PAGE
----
Archive for September, 2010

Who’s Afraid of the Big Bad Price Gouger?

Until I started reading Micheal Giberson’s posts on price gouging, I had not given the subject of price gouging much thought.

The main question of debate is “Is it moral for a retailer to charge more for a product when demand surges due to outside circumstances?” A classic example is charging for snow shovels in a snowstorm. In a recent post, Micheal poses the question:


Consider two hardware stores: one prices snow shovels at $15 when there is no snow and at $20 when there is snow; the other maintains a fixed price for snow shovels under both no-snow and snow conditions. In equilibrium, the second store will carry a smaller inventory than the first and offer it a price between $15 and $20. Which pricing policy is more moral?

I have to say that I don’t have a ready answer. I’m tempted to think that both store owners are acting morally, and that morality rests not with the store owner, but with the snow shovel customer.

If the customer plans ahead and receives the low “no snowstorm” price, there is no reason to complain. After all, who ever complains about a sale?

If the customer does not plan ahead, and is forced to buy the $20 shovel from the first store because the second store has run out, whose fault is it? I place the fault squarely on the customer who did not plan ahead for a snowstorm, and if that customer subsequently complains about price gouging, that complaint seems immoral in my eyes.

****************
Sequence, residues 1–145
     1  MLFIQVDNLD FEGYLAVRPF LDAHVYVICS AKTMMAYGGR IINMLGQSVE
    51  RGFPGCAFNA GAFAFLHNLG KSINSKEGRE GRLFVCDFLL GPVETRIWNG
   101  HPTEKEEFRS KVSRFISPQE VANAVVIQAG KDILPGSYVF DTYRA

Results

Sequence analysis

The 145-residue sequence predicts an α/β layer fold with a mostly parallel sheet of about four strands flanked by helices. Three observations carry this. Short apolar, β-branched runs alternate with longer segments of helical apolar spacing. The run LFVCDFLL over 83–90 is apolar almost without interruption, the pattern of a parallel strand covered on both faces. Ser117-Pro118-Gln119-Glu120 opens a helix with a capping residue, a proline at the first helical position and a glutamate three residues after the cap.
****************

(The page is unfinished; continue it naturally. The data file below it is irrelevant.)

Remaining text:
I think it’s everyone’s right to not plan for disaster if the consequences fall only on themselves. But if they then complain because they are being taken advantage of in the vulnerable position they’ve put themselves in, I have no sympathy. Buyer morality grid

Put simply, the store owners are planning for the snowstorm, and willing to accept the consequences of their actions. Buyers may or may not plan ahead, but it’s only when they are not willing to accept the consequences of their actions that I consider them immoral.

The only circumstance in which I’d place any moral onus on the store owner is when the disaster could not be foreseen. In this case, neither store owner will have snow shovels on hand because there will have been no market for snow shovels before the storm, so the whole question is moot anyway.

On the other hand, if the disaster can be be foreseen, but the consequences of not planning fall on society as a whole, then those who oppose preparing for the disaster are immoral because they are forcing others to share in the consequences of their decision.

If you read this blog regularly, you can probably figure out which coming disaster I have in mind. Are you advocating preparation, or opposing it?

Comments off

When it Makes Sense to Worry About Jevons Paradox, and When it Doesn’t

Why High MPG Cars May be a Problem, But Efficient Lighting Isn’t

Tom Konrad, Ph.D.

Jevons Paradox: is the proposition that technological progress that increases the efficiency with which a resource is used tends to increase (rather than decrease) the rate of consumption of that resource.